Basic tailoring will take a garment from good to great in an instant. To find out what tailoring is and how to master the basics, keep reading.
How to Make a Tailored Garment:
A truly tailored garment typically has interfacing, which is usually the middle layer found between an outer shell and a lining. A tailored garment can be hand sewn or machine sewn. It’s easier to perfect the form when hand sewing is involved. But before you get to sewing: Prep work is very important when tailoring. Once items are in place, there isn’t a lot of room for changes. Much of the work happens before sewing.
- Use a small thread amount no longer than the arm to avoid knots when hand sewing.
- Make test garments to determine what you want your final garment to look like. The best fabric for test garments is a fabric that mimics the final fabric
- Pinch and pin often on each test garment, making any adjustments as you see fit.
- Use fusible or non-fusible (woven) interfacing. The fusible needs to be perfectly selected before cutting the garment because there is no room for changes. Non-fusible interfacing allows room for building and changing things around, and adjustments can be made to get the perfect shape.
Skills and Tools:
- Exquisite attention to detail and willingness to practice is a must. Hand-eye coordination is important for consistency and accuracy.
- Tailor’s chalk: is flat and used for straight lines.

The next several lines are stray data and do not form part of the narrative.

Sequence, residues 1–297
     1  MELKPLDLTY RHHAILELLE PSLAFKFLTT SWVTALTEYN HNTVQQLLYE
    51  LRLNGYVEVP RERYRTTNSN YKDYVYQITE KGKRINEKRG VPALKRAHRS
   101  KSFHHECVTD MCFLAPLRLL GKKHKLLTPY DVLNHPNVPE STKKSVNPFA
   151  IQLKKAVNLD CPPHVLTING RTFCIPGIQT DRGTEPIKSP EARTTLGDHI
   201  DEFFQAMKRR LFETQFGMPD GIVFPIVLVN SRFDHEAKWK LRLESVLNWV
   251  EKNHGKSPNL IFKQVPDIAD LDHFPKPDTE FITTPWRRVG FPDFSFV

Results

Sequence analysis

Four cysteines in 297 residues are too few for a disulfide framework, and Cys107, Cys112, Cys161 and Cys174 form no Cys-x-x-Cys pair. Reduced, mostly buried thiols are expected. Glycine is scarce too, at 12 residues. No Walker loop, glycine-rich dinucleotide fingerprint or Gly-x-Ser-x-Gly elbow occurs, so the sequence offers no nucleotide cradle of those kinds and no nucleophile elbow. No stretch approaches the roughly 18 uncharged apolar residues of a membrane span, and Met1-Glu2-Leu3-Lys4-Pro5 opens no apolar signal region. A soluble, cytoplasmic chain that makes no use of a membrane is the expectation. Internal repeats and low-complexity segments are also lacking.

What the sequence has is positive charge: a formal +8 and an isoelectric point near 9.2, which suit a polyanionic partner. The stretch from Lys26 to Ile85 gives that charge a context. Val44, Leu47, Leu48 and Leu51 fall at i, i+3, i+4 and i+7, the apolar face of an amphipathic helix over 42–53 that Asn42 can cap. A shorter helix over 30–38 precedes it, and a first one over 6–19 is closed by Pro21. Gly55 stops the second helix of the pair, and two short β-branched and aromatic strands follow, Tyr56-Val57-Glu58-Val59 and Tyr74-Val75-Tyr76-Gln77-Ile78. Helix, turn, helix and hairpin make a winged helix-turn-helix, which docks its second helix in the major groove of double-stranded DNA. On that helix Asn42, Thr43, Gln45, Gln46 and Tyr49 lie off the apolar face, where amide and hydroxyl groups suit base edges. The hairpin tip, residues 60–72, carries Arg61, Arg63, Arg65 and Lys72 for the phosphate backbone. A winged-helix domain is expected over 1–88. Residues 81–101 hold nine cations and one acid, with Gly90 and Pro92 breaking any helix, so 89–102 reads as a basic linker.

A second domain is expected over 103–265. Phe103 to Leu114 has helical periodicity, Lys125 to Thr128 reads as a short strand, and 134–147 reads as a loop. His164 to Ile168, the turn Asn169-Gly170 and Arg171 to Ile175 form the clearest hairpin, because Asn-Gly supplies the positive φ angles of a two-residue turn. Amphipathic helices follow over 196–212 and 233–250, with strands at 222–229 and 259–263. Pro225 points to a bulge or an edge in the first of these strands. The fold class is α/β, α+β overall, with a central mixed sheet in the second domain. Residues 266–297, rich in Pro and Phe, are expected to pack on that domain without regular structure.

- Hand Sewing Needles: select small needles that can easily weave in and out of the fabric
- Thread: Guterman silk or polyester thread is optimal for tailoring. Avoid cotton thread because it breaks easily and isn’t going to be as long-lasting.
- Beeswax: keeping the thread smooth during hand sewing negates not and allows the thread to slide through the fabric and needle more easily.
Here are a few easy adjustments to make alterations to a garment to improve fit, which is also commonly referred to as tailoring:
- Taking in the side seams of the garment will make the fit more body-skimming and often more flattering
- Shortening the sleeves or legs or making them a different cut will give a more clean-cut look or a more suitable piece for the desired occasion
- Adding darts where needed will give a more flattering fit without making adjustments to an entire side or area
Whether tailoring a garment with interfacing or making adjustments to an already existing piece these helpful tips are sure to create a great form and fit. Have you worked with interfacing before? If so, leave your tips for working with it below.